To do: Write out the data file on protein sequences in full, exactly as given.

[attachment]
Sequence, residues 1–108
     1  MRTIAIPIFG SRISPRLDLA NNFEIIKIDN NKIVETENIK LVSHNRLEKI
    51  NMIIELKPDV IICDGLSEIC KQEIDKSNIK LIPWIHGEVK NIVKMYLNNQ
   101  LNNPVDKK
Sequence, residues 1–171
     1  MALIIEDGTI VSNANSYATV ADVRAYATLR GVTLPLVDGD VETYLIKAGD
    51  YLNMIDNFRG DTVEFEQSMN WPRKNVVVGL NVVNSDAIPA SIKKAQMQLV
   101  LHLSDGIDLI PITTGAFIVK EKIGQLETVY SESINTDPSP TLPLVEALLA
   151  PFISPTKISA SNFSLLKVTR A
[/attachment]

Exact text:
Sequence, residues 1–108
     1  MRTIAIPIFG SRISPRLDLA NNFEIIKIDN NKIVETENIK LVSHNRLEKI
    51  NMIIELKPDV IICDGLSEIC KQEIDKSNIK LIPWIHGEVK NIVKMYLNNQ
   101  LNNPVDKK
Sequence, residues 1–171
     1  MALIIEDGTI VSNANSYATV ADVRAYATLR GVTLPLVDGD VETYLIKAGD
    51  YLNMIDNFRG DTVEFEQSMN WPRKNVVVGL NVVNSDAIPA SIKKAQMQLV
   101  LHLSDGIDLI PITTGAFIVK EKIGQLETVY SESINTDPSP TLPLVEALLA
   151  PFISPTKISA SNFSLLKVTR A